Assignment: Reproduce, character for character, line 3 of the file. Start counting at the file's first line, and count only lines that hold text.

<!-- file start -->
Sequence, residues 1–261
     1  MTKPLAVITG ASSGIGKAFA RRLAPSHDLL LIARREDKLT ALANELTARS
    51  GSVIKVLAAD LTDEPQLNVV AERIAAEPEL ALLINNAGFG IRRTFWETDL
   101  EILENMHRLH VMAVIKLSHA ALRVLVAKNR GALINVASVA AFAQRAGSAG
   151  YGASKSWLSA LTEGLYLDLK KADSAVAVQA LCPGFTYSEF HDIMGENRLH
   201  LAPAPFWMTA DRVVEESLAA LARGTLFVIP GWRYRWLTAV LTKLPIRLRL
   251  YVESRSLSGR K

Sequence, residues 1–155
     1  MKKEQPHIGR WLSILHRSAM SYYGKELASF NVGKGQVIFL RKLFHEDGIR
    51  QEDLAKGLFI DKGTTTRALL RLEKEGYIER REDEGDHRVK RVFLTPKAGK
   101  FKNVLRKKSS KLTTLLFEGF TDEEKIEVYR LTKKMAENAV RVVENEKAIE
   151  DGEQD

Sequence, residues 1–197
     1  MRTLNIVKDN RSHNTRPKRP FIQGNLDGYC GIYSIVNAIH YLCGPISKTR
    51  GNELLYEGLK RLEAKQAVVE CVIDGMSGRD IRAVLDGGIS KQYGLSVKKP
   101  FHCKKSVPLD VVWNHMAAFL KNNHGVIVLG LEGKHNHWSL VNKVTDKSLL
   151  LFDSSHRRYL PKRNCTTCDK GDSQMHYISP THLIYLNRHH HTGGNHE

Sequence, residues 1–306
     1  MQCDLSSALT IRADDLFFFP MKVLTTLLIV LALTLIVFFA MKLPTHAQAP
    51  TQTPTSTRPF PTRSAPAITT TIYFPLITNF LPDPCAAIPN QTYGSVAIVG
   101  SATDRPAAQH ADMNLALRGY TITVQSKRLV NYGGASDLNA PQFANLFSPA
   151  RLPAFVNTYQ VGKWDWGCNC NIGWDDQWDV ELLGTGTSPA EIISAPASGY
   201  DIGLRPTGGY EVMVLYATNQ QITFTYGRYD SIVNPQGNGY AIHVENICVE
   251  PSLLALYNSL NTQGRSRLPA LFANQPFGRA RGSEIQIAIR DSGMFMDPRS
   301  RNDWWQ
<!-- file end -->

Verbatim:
    51  GSVIKVLAAD LTDEPQLNVV AERIAAEPEL ALLINNAGFG IRRTFWETDL